Tuesday, August 15, 2006
The Whole Cob of Corn Wouldn't Have Fit In The LunchboxMy daughter is mad at me right now, but when I try to be mad at her right back, I can't. Whenever I think of her at all, it's just a blur of wonder that this fantastic and beautiful and interesting person is MY daughter, and that all the other mothers in the world are jealous of me because she's mine and not theirs.
She was talking in complete sentences before she was a year old(as many geniuses often do) (brag). In this picture, she had just interrupted my daily singing of "Wash the babeeeeee" (sung to the tune of "Kill the Wabbit") to tell me that she was a baby dish.
"Why are you a baby dish?" I asked her.
"I'm in the dish sink," she replied, and gave me that look she still gives me when I ask a stupid question.
"Would Daddy be a Big Dish if he took a bath in the sink?" I have a real talent for asking stupid questions.
She had a giggle-fit at that, looked at me with something like pity in her eyes, and said "Daddy not fit in this sink."
Belle has always loved to be center-stage. When she was a little girl, she was so waif-thin that total strangers were concerned and gave me advice on the streets. Relatives were always trying to trick her into eating, but she outsmarted them all. She ate when SHE wanted to eat, and not because of any arbitrary absurdity like 'lunchtime' or 'family reunion.' We celebrated each bite she took like the Fourth of July.
That is probably why she figured the whole universe would be interested in her eating habits. One Sunday evening, when she was about five years old, the entire extended family went to church to see and hear her sing in the Bible School choir. Before the last note had stopped resonating, she stepped forward and announced to the congregation that "I ate a whole cob of corn!" Then she curtsied, stepped back into the choir, and marched off the stage with them, leaving a church full of people who were stifling giggles most unsuccessfully.
Her hair is red now, like her brother's, but when she was a child, she was a curly-haired Goldilocks. I am not all that good with hair, euphemistically speaking, and she usually wore a curly ponytail to school. I considered it fancy if she had a ribbon around it. Sometimes I gave her two ponytails, but I was also afflicted with the total inability to make a straight part, so from the back she often appeared to be leaning to one side, or zig-zagging dizzily. She learned early on that if she wanted cool hair, she would have to learn to do it herself, and she did.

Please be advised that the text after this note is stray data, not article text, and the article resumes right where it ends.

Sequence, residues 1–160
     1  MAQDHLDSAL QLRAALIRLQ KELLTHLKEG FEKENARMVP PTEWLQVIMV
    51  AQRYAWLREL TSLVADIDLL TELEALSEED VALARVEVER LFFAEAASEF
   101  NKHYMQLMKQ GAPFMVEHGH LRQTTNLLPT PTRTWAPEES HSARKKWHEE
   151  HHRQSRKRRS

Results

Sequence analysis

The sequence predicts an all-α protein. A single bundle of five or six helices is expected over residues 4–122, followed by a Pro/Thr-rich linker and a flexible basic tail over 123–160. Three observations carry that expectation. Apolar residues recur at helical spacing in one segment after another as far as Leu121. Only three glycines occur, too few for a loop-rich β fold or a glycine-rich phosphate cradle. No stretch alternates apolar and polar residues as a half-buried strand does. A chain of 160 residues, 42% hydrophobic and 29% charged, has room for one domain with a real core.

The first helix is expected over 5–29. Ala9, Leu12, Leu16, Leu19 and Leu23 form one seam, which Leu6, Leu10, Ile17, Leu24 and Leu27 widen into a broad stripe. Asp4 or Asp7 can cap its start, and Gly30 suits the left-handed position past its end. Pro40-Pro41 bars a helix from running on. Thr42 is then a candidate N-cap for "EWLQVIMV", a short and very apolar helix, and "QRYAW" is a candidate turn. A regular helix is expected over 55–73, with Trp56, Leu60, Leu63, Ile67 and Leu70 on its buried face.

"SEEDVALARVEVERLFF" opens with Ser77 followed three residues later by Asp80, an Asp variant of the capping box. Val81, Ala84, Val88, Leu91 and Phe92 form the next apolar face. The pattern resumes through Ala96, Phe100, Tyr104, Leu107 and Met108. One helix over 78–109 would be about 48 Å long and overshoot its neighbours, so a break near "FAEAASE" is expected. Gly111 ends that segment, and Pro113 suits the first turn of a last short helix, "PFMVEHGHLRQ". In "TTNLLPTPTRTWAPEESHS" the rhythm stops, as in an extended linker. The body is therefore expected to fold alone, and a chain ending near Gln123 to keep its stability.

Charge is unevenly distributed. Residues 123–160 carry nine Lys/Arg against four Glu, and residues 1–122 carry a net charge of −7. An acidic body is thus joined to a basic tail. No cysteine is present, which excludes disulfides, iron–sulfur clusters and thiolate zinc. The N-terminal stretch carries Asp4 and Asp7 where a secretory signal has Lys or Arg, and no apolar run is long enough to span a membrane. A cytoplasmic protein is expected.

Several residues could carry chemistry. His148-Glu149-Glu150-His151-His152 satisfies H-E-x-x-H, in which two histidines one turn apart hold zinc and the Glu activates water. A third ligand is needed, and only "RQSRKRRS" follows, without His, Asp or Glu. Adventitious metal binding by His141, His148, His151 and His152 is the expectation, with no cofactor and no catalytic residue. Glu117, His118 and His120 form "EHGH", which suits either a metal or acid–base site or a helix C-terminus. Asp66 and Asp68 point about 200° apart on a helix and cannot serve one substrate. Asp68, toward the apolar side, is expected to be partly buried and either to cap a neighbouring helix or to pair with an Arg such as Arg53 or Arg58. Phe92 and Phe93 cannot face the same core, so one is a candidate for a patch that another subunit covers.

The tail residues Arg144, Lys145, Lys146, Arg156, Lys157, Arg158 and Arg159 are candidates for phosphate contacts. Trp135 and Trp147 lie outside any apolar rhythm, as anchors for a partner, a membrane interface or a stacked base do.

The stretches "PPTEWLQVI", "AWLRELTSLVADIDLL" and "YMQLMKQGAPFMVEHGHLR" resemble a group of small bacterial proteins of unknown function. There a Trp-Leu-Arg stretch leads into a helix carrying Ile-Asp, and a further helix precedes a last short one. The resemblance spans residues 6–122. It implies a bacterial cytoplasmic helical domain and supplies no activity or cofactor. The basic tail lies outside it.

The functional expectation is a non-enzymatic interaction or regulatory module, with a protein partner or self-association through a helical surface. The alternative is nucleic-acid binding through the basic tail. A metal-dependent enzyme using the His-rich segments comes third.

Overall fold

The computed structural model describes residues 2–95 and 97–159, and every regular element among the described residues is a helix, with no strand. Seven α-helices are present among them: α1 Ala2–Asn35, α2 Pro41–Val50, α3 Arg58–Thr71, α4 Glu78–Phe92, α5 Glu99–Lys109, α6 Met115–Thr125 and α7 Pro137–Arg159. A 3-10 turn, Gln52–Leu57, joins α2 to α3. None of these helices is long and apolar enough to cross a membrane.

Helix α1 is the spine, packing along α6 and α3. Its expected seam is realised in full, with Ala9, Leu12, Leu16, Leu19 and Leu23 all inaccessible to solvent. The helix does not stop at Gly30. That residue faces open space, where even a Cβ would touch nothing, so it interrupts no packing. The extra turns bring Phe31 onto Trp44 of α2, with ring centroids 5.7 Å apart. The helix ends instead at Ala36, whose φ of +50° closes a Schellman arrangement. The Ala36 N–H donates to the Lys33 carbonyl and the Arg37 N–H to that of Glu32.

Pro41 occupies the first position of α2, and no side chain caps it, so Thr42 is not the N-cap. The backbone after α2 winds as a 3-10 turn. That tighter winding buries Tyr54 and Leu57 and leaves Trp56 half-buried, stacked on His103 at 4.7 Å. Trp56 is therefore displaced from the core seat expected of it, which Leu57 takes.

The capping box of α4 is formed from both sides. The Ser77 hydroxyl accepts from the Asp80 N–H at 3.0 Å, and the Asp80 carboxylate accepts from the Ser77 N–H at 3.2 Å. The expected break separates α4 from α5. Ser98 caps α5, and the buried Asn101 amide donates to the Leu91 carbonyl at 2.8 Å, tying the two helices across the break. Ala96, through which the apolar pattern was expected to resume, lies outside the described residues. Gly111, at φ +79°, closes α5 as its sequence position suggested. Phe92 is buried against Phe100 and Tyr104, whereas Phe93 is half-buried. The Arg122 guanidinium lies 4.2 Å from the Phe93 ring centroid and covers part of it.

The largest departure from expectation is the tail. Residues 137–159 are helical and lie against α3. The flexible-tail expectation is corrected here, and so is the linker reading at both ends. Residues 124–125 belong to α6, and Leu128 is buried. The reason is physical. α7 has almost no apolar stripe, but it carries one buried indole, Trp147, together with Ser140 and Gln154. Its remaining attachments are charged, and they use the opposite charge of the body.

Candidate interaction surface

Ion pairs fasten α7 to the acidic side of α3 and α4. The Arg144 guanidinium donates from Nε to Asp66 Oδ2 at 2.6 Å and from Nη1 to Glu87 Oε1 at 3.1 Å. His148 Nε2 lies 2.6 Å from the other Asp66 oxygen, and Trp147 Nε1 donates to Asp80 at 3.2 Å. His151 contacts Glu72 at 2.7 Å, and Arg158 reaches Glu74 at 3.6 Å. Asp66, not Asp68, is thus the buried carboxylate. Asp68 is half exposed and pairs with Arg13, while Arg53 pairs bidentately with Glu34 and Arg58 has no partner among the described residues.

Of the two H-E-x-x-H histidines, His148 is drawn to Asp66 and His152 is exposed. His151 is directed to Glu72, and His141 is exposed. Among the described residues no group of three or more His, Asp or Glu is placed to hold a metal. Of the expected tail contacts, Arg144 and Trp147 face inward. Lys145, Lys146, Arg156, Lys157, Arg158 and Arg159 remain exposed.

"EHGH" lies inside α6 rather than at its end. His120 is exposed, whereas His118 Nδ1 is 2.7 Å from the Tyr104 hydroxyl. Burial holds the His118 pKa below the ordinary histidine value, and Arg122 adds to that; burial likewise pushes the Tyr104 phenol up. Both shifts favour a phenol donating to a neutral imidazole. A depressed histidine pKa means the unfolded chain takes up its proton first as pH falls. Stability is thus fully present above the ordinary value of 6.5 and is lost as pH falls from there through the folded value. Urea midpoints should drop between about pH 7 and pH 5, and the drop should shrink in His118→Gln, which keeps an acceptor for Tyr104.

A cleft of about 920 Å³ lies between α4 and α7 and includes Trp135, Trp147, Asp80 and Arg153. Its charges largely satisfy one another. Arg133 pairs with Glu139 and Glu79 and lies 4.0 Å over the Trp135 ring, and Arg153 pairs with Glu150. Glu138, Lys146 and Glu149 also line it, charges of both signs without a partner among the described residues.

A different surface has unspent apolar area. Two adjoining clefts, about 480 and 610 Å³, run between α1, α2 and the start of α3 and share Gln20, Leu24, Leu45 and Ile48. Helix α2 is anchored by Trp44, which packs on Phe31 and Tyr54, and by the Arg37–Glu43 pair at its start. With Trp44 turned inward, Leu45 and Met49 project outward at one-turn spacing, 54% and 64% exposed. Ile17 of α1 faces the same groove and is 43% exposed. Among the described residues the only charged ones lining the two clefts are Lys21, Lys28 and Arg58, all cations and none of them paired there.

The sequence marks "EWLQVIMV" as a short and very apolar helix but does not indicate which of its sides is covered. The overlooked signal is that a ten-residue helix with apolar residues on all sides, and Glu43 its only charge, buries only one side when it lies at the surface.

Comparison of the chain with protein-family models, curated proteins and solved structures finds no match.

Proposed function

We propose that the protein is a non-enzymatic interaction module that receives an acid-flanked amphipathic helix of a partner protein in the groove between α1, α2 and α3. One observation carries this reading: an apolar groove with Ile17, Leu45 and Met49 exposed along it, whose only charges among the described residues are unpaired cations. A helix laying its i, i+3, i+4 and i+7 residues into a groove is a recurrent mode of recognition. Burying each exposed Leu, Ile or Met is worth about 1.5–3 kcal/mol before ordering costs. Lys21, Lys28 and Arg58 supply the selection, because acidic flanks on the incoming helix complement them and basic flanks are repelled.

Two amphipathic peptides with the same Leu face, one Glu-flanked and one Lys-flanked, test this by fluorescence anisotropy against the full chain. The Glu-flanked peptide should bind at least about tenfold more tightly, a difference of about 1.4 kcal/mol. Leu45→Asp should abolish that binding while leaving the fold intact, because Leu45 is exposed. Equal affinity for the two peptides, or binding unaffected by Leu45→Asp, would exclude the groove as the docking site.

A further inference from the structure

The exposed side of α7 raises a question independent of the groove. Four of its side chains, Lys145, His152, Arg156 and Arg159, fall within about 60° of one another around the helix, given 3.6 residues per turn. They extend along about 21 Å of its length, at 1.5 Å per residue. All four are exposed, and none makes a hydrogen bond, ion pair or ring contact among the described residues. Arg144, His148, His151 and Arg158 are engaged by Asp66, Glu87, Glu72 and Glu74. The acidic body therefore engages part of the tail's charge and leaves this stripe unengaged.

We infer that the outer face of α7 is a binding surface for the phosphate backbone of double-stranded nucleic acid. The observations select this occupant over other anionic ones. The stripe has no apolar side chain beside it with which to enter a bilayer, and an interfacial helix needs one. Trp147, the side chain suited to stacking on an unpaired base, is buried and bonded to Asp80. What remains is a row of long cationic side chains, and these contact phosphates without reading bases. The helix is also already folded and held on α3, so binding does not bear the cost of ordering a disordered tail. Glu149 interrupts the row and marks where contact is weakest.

I am crazy about her.
I really miss shopping for school supplies, particularly for the all-important lunchbox. I miss packing two lunches every morning. Neither of my children cared for sandwiches so finding a fairly nutritious lunch was something of an adventure. It's a good thing there were no peanut butter rules in their school, or Belle would have eaten nothing all day long. (Don't get me started on those peanut butter rules; it's unfair to forbid all children from bringing a certain food just because one child has allergies and can't keep his fingers away from other children's lunches.) (And yes, I understand about the breathing it thing, too. Let the allergic kids eat somewhere else.) (Why no, I don't mind saying that in the least. Other mothers didn't mind asking my child to give up her lunch entirely, did they?) Peanut butter on crackers, because she didn't eat sandwiches. Sliced dill pickles. Barbecue potato chips. Fruit, or fruit rollup. Carrot sticks.
Today is the first day of school here. Maybe that's why I'm waxing nostalgic about lunchboxes and carrot sticks. Or, in Zappa's lunch, a can of tuna, red-hot cheese stix, an apple, and a miniature pizza, baked and wrapped in foil to keep it warm. That works, by the way.
Not the typical lunches for either of them, I know. My kids were never typical. But I seldom made them eat the school lunch. For one thing, those lunches are TERRIBLE, and for another, I didn't have the money.
Mainly, I figured, and still figure, that if anyone doesn't like what the school cafeteria is serving, that person should bring his/her lunch from home. And if someone is getting their lunch for free, that person should say 'thank you' and shut the hell up.
Weird lunches, weird kids, weird mom. Yeah, whatever. I packed what my kids would eat, and I tried to balance it out a little bit with nutritional goodness. One of my degrees is in human nutrition, but I obviously never used it much. Heh.
Speaking of which, the ice cream was delicious. I say 'was' because its existence is in the past tense now.
And so it officially begins.